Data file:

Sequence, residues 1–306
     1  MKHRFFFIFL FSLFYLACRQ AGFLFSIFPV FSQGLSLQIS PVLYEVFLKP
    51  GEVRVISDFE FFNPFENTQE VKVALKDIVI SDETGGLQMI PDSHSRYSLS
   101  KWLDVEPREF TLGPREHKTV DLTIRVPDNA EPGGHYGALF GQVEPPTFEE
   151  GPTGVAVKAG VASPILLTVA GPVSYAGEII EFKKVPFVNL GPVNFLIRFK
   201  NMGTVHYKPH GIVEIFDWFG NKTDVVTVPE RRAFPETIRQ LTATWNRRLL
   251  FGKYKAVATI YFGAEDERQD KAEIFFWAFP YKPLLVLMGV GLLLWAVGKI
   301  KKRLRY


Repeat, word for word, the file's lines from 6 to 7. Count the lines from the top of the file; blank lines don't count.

   201  NMGTVHYKPH GIVEIFDWFG NKTDVVTVPE RRAFPETIRQ LTATWNRRLL
   251  FGKYKAVATI YFGAEDERQD KAEIFFWAFP YKPLLVLMGV GLLLWAVGKI